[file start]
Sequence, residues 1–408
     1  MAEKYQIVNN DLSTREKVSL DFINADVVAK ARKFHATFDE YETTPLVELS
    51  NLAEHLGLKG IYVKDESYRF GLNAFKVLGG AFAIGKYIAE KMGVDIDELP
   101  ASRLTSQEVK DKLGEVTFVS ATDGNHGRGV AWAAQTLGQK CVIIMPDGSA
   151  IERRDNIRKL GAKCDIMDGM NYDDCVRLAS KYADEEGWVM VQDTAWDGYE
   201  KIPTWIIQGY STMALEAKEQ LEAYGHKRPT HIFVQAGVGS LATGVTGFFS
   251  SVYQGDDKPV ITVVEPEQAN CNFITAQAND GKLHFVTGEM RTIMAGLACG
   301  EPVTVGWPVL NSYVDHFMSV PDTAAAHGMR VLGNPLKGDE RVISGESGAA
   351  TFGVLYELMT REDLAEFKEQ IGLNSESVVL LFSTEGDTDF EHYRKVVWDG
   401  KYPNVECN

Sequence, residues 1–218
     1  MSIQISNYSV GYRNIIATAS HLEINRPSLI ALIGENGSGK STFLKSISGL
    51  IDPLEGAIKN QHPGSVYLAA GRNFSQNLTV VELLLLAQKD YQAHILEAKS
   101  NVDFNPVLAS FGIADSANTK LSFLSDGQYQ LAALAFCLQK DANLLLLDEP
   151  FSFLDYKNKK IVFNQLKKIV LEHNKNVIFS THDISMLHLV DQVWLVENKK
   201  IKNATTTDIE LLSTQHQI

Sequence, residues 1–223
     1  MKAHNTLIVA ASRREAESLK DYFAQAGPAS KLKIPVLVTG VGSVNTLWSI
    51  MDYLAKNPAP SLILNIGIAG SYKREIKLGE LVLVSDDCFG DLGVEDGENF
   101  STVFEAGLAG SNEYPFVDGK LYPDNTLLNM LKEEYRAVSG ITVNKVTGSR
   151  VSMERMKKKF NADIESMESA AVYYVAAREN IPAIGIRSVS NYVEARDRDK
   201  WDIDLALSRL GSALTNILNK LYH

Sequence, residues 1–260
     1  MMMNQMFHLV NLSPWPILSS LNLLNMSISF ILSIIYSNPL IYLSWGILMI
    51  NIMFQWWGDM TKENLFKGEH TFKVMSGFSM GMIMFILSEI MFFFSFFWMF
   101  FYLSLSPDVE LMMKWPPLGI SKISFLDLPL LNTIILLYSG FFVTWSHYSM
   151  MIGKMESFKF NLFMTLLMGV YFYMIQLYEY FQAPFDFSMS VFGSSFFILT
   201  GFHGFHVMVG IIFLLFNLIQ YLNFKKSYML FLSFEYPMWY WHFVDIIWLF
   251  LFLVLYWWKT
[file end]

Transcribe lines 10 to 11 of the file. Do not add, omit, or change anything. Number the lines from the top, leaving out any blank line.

   401  KYPNVECN

Sequence, residues 1–218